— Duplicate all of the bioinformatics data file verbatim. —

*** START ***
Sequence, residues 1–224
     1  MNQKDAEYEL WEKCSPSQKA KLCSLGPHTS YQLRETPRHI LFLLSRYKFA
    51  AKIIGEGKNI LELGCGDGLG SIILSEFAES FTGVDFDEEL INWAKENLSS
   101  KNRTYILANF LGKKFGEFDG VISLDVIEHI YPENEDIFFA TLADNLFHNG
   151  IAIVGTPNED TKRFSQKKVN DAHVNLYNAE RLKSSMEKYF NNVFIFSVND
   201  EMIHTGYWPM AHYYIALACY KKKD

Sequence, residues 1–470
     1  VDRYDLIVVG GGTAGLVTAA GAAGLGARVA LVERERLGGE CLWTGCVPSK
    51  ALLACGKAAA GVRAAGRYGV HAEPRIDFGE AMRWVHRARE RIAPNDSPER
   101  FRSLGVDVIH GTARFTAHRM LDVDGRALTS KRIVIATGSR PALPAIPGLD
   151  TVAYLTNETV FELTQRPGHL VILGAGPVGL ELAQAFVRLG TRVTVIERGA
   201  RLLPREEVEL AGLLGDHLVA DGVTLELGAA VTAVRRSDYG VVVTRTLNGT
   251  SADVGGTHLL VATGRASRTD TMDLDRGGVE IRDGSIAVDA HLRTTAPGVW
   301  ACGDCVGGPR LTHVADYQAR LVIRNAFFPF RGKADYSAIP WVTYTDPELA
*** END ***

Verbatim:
Sequence, residues 1–224
     1  MNQKDAEYEL WEKCSPSQKA KLCSLGPHTS YQLRETPRHI LFLLSRYKFA
    51  AKIIGEGKNI LELGCGDGLG SIILSEFAES FTGVDFDEEL INWAKENLSS
   101  KNRTYILANF LGKKFGEFDG VISLDVIEHI YPENEDIFFA TLADNLFHNG
   151  IAIVGTPNED TKRFSQKKVN DAHVNLYNAE RLKSSMEKYF NNVFIFSVND
   201  EMIHTGYWPM AHYYIALACY KKKD

Sequence, residues 1–470
     1  VDRYDLIVVG GGTAGLVTAA GAAGLGARVA LVERERLGGE CLWTGCVPSK
    51  ALLACGKAAA GVRAAGRYGV HAEPRIDFGE AMRWVHRARE RIAPNDSPER
   101  FRSLGVDVIH GTARFTAHRM LDVDGRALTS KRIVIATGSR PALPAIPGLD
   151  TVAYLTNETV FELTQRPGHL VILGAGPVGL ELAQAFVRLG TRVTVIERGA
   201  RLLPREEVEL AGLLGDHLVA DGVTLELGAA VTAVRRSDYG VVVTRTLNGT
   251  SADVGGTHLL VATGRASRTD TMDLDRGGVE IRDGSIAVDA HLRTTAPGVW
   301  ACGDCVGGPR LTHVADYQAR LVIRNAFFPF RGKADYSAIP WVTYTDPELA